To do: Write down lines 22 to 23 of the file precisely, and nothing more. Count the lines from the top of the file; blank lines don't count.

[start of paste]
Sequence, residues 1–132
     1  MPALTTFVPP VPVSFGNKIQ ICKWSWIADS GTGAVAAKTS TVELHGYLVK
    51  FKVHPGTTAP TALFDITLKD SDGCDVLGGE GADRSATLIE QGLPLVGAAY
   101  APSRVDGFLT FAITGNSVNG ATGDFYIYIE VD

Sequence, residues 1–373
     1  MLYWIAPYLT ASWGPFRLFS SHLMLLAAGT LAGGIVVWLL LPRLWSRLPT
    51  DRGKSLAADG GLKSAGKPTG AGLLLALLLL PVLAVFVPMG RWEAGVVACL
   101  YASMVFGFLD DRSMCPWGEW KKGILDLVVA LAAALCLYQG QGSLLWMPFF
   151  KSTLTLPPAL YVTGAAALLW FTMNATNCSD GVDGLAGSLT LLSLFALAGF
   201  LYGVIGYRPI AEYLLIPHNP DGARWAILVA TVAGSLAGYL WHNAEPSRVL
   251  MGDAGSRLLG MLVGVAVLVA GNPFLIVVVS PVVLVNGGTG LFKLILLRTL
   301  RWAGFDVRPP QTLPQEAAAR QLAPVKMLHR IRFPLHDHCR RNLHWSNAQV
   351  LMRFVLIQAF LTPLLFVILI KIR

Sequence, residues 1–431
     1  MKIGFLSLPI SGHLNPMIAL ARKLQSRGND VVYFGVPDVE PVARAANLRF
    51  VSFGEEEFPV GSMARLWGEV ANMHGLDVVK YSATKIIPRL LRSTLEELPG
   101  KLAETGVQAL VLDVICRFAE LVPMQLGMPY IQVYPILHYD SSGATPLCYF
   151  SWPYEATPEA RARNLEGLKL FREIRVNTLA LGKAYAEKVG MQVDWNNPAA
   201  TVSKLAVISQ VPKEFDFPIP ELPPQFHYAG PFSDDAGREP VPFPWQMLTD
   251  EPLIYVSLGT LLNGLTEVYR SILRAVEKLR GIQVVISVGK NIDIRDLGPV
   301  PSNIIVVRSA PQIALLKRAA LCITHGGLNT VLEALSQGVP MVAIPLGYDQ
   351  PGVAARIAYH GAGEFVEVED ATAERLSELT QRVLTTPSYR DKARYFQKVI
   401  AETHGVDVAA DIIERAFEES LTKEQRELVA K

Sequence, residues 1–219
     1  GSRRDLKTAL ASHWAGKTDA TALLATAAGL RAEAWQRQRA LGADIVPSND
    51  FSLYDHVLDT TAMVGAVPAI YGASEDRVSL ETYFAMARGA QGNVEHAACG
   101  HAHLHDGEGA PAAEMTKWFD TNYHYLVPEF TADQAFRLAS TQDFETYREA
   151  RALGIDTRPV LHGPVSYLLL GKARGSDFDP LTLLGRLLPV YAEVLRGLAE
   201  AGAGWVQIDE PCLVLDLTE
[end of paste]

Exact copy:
   351  PGVAARIAYH GAGEFVEVED ATAERLSELT QRVLTTPSYR DKARYFQKVI
   401  AETHGVDVAA DIIERAFEES LTKEQRELVA K